A Japanese space probe apparently succeeded in landing on an asteroid and collecting surface samples Saturday in an unprecedented mission to bring the extraterrestrial material back to Earth for analysis, Japan's space agency said.
The Hayabusa probe touched down for only a few seconds on the faraway asteroid — long enough to collect powder from its surface — and has lifted off again to transmit data to mission controllers, said Kiyotaka Yashiro, a spokesman for JAXA, Japan's space agency.
"The initial movements and operations look very good," Yashiro said. "The process of sampling also seems to have gone very well.
More data confirming the mission's success is expected later in the day after scientists have examined additional transmissions from the probe, Yashiro said.
But JAXA won't know if Hayabusa actually collected surface samples until it returns to Earth. It is expected to touch down in the Australian Outback in June 2007.
Saturday's landing on the asteroid was Hayabusa's second, following a faulty touchdown Sunday. JAXA lost contact with the probe during that attempt and didn't even realize it had landed until days later — long after Hayabusa had lifted off into orbit.
The space agency hopes that examining asteroid samples will help unlock the secrets of how celestial bodies formed, because their surfaces are believed to have remained relatively unchanged over the eons, unlike larger bodies such the planets or moons.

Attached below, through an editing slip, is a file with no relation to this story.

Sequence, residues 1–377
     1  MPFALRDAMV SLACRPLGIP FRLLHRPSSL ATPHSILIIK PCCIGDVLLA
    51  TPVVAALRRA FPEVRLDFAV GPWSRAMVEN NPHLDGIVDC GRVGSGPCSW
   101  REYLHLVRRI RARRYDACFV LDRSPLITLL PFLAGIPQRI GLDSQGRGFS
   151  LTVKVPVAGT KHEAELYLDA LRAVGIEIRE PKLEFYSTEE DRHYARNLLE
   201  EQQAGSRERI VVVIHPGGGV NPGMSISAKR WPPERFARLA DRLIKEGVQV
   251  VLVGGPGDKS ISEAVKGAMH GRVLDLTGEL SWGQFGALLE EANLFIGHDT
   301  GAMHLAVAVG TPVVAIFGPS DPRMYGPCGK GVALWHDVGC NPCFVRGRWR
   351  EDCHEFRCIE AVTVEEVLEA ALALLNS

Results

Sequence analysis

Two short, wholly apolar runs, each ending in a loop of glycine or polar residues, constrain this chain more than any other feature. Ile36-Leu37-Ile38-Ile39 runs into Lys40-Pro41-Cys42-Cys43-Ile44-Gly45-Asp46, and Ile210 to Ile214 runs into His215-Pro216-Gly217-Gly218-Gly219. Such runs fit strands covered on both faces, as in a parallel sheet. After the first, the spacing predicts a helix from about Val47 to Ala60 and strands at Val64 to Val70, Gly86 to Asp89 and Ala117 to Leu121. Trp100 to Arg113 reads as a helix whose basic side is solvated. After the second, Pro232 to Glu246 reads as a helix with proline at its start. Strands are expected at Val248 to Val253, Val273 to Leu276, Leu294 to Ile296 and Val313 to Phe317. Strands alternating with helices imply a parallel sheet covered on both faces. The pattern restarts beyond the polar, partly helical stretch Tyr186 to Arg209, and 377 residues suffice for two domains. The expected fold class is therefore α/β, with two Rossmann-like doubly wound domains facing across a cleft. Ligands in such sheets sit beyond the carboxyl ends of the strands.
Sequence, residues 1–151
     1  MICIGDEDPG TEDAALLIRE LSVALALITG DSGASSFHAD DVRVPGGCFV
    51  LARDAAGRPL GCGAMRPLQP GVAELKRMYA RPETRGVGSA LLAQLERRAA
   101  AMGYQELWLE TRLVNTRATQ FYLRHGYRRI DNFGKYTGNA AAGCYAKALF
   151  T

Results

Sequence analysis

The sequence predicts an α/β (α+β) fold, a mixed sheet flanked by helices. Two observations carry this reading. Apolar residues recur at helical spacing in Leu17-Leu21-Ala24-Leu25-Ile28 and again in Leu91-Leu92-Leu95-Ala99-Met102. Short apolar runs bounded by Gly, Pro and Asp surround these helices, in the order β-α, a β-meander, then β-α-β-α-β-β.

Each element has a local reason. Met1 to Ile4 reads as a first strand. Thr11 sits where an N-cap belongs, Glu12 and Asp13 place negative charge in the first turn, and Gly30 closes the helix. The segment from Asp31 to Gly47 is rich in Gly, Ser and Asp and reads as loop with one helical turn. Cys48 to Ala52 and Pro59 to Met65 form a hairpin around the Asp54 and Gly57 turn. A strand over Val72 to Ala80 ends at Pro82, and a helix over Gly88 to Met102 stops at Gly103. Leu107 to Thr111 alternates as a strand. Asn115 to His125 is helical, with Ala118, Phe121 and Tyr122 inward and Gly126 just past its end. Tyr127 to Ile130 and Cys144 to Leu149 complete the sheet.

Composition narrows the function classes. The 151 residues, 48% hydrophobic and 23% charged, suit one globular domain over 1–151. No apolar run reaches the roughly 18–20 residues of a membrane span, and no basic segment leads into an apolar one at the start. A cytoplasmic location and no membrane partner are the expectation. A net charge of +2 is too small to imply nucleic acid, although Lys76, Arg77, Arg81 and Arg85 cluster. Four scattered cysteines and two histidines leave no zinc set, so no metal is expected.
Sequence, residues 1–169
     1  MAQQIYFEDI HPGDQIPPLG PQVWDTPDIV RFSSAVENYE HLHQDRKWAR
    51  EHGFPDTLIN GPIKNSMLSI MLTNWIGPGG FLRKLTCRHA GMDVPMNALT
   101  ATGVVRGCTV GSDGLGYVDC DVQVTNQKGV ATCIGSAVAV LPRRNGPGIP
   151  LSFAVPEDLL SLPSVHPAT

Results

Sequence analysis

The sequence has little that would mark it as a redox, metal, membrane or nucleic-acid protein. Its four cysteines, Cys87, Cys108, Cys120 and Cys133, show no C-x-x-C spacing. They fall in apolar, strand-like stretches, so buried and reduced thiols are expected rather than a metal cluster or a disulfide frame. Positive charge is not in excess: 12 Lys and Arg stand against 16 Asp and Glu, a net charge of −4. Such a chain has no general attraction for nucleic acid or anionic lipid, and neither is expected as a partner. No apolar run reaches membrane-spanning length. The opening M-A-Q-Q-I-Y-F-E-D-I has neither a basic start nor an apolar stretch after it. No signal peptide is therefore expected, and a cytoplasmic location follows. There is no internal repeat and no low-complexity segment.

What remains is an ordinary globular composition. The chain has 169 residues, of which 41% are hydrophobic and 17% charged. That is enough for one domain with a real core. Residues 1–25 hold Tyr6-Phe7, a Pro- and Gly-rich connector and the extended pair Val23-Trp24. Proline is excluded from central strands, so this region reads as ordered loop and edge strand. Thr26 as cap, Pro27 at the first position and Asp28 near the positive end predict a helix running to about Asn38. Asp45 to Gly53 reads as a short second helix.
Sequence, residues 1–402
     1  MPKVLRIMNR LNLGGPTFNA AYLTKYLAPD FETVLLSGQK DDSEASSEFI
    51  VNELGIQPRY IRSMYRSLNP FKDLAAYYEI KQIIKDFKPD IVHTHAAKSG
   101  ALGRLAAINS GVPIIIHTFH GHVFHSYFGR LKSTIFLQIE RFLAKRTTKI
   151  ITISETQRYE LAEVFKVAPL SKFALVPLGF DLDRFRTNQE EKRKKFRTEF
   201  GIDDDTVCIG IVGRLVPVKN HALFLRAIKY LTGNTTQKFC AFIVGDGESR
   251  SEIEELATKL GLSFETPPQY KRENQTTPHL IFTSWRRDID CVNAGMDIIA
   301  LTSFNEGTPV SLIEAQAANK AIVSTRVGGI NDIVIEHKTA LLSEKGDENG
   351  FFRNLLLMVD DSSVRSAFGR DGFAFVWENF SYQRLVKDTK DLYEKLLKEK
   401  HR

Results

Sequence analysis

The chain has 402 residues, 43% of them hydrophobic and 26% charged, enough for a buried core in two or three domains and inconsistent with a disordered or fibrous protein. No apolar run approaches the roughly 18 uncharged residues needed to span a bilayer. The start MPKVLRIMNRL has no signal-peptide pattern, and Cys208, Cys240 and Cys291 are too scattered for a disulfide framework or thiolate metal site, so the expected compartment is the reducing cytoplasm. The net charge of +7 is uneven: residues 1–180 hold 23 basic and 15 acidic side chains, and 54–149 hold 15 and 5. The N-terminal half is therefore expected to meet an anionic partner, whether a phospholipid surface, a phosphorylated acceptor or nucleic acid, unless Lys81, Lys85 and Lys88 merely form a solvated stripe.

Hayabusa touched down shortly before 8 a.m. Japan time, firing a metal projectile into the surface and collecting the dust that was kicked up. The whole procedure was over in a matter of seconds.
"It is only a very small amount of material, powder really," Yashiro said.
The landing could compensate for a series of glitches in Japan's attempt to complete the world's first two-way trip to an asteroid.
Two rehearsal touchdowns were botched, one when the spacecraft had trouble finding a landing spot, and one when a small robot rover was lost in space. Hayabusa also had a problem with one of its three gyroscopes.
Hayabusa was launched in May 2003 and has until early December before it must begin its 180 million-mile journey home.
The asteroid is named after Hideo Itokawa, the father of rocket science in Japan, and is orbiting the sun between Earth and Mars. It is 2,300 feet long and 1,000 feet wide.
A NASA probe collected data for two weeks from the asteroid Eros in 2001, but did not return with samples.